Let’s Take a Look at the Race for NC’s 9th District

Let’s Take a Look at the Race for NC’s 9th District
Photo courtesy of Joshua Sukoff on Unsplash.

We’re gonna break down the candidates for NC’s 9th District seat in the U.S. House of Representatives. Before we get to the candidates, let’s go through an extremely brief lesson in recent history.

Election results from southeastern North Carolina were the talk of the nation for a little while last year. We could go through the whole election fraud scandal that unfolded, but we’ll shorten the story: irregularities with absentee ballots led to the 2018 election results never being certified. Multiple people were charged in a sweeping investigation into election fraud, and then Republican Dan Bishop narrowly defeated Democrat Dan McCready in a September 2019 special election.

(The whole thing is wild. WSOC in Charlotte has a complete timeline leading up to the special election if you’re interested.)

Now, onto the 2020 election. Bishop now has just a little more than a year in Congress under his belt, and Democrat challenger Cynthia Wallace is looking to keep it that way. Both candidates live in Charlotte. 

NC’s 9th District starts in Robeson County in the southeast and then follows the North Carolina-South Carolina border all the way to southeast Mecklenburg County.

This is the ninth installment in North Carolina News Daily’s profiles of Congressional races leading up to this year’s election. If you’ve missed any of the previous eight, we have you covered: 1st District, 2nd District, 3rd District, 4th District, 5th District, 6th District, 7th District, and 8th District.

Here we go:

Incumbent: Dan Bishop (R)

Image courtesy of Rep. Dan Bishop.

Years in Congress: 1

Committees: Committee on Homeland Security, Committee on Small Business

Previous political experience: Mecklenburg County Commissioner (2004-08), North Carolina House of Representatives (2015-17), North Carolina State Senate (2017-2019)

Background: Bishop drew national attention in politics long before last year’s special election. As a member of the General Assembly, he was behind North Carolina’s infamous House Bill 2. HB2 (the “bathroom bill”) stripped members of the LGBT community of protections from discrimnation, unless the state enacted them. The law, however, is best known for requiring transgender men and women to use a public bathroom or shower associated with the gender on their birth certificate.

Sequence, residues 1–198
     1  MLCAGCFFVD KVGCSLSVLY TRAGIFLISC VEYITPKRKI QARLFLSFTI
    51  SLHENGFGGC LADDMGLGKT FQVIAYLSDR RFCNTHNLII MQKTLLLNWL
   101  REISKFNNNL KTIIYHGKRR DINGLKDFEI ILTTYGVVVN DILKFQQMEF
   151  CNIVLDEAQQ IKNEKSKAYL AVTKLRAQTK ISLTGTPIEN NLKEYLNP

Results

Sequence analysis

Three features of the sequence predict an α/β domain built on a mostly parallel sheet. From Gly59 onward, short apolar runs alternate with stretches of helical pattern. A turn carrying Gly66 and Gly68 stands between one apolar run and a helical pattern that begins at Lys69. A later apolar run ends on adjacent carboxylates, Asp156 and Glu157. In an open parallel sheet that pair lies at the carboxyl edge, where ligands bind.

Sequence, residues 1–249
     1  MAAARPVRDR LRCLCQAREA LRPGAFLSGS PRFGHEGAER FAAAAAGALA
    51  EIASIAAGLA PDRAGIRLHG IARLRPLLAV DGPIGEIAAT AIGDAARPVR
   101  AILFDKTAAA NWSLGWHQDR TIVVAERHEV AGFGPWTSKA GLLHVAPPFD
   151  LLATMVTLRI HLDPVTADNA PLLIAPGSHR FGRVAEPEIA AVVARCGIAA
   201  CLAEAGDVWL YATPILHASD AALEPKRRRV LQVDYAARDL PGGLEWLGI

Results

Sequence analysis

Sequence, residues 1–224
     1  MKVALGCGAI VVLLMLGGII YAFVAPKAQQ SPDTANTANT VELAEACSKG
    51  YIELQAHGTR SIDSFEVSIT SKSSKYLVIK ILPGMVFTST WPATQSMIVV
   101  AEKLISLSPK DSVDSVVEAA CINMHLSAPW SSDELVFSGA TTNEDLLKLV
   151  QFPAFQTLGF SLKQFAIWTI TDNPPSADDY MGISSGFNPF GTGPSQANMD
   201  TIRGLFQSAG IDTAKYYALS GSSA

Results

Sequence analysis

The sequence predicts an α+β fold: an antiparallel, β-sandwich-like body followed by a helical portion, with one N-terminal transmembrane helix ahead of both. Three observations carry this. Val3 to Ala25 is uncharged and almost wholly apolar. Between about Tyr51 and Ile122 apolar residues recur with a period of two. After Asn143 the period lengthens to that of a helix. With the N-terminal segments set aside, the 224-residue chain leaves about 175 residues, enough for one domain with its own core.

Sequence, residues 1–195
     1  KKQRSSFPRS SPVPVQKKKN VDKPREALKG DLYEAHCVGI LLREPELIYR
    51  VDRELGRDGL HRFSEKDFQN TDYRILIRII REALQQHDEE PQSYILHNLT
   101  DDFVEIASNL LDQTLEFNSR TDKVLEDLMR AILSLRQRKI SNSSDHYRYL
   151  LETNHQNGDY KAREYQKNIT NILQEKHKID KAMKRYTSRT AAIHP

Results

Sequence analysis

The law drew criticism from anti-discrimination groups and politicians from North Carolina and the United States. After the NCAA removed its championship events, the NC General Assembly repealed it in 2017.

Platform: Bishop says he supports law enforcement officers, believes photo ID should be required to vote and says maintaining a strong national defense is “a moral obligation that must be met by Congress.” His website also touts that Bishop’s family has lived in NC’s 9th District for “generations.”

Challenger: Cynthia Wallace (D)

Image courtesy of Cynthia Wallace.

Background: Wallace has worked in the financial services industry for 25 years with a focus in risk management and regulations. She grew up near Savannah, Ga., and holds degrees from Spelman College and the University of North Florida. 

Her late father was the first Black county commissioner in the history of Effingham County, Wallace’s campaign website says. Wallace was the state Democrat Party’s chairwoman in the 9th District. She was in charge of the party for Dan McCready’s campaigns in 2018 and 2019. She also spent three years working with the Mecklenburg County Democratic Party.

Key endorsements: Congressional Black Caucus PAC, Equality NC, Congressman G.K. Butterfield, Congresswoman Alma Adams

Platform: Wallace wants to make healthcare affordable, reduce the gap in gender pay and make improvements to critical infrastructure. 

Here’s what all of that means…

This year’s election is likely to be simpler than the last one — and the one before that. Both the district and the southeastern part of the state are Republican strongholds. Seven Republicans have represented the district dating back to 1963; so don’t expect Wallace to challenge Bishop like McCready did in 2018. 

The Cook Political Report says this district is likely Republican, and two more services used by BallotPedia rate it as solid Republican. 

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